In the present inflamed and revolutionary condition of the public mind, any spark may serve to kindle a conflagration that will not be extinguished without bloodshed. There will, we fear, be attacks upon the offices of the newspapers engaged in these scurrilous outpourings, and we shall have the misfortune to see the editor of one Lincoln organ suspended on a lamp-post at his own corner, while the editor of another Lincoln organ keeps him company on the lamp-post opposite. Every act of violence thus committed in the democratic metropolis will be retaliated in some one or other of those rural districts in which the Lincoln men are strong, and, as the upshot of the whole scandalous quarrel, the loyal States will be plunged into riot, anarchy and indiscriminate lynching. These consequences we regard as inevitable unless greater moderation of tone be immediately evinced by the partisan writers of the Lincoln and McClellan press.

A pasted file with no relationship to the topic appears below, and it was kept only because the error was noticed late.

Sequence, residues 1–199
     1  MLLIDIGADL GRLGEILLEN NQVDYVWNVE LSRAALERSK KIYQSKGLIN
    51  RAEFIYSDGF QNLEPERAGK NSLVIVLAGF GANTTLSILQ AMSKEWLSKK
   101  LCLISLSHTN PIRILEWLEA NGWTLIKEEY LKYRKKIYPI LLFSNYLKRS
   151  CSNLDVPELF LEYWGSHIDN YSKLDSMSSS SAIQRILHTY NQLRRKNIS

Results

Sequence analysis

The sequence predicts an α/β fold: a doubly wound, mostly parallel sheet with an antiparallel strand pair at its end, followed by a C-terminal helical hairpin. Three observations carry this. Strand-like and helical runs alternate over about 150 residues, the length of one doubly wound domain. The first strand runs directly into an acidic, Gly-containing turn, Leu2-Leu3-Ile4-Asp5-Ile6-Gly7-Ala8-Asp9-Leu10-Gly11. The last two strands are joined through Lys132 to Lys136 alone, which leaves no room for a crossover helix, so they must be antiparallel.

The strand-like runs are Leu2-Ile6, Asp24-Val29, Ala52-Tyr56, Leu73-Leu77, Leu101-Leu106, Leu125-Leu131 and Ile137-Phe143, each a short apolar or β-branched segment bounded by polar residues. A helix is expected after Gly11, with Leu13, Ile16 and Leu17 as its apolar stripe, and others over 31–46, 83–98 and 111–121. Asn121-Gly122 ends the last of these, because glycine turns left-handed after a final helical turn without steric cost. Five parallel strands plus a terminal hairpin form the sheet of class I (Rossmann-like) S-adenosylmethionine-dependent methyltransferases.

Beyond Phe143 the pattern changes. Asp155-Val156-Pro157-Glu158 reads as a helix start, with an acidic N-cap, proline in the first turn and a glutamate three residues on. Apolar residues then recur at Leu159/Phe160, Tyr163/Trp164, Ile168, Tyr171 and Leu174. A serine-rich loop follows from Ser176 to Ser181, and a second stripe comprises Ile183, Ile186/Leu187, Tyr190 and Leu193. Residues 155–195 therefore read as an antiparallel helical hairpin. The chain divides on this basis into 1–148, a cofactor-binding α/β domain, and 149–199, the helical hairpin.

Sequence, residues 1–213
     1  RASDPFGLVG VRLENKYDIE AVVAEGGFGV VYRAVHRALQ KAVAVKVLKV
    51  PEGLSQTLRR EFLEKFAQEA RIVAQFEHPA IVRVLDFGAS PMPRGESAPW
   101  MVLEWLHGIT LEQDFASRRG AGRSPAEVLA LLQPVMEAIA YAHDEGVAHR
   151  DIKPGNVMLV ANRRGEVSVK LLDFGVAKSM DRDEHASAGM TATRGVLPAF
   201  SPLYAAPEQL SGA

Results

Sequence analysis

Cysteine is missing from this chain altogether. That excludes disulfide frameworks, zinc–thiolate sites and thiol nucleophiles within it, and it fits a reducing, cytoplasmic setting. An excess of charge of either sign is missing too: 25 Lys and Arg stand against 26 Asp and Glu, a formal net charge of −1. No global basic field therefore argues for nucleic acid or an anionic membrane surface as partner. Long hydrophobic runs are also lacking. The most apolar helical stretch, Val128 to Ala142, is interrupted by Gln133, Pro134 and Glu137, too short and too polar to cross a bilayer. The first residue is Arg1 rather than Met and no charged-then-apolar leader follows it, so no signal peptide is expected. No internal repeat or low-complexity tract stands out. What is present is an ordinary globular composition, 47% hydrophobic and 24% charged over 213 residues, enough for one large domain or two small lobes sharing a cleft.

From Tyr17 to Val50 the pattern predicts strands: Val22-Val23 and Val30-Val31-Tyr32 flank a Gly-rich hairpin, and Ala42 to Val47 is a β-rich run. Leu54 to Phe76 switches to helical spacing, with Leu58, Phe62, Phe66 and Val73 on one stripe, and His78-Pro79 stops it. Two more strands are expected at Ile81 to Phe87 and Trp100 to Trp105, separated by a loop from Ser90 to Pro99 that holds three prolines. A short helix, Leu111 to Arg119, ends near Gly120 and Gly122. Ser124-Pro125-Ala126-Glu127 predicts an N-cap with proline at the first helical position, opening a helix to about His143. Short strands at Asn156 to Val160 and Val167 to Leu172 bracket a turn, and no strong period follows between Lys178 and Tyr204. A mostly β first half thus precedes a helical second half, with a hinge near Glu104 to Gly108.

A Democratic meeting broken up by Lincoln's soldiers.

The Cincinnati Gazette, an abolition sheet, describes how a Democratic meeting was broken up by some soldiers on the 24th. It says: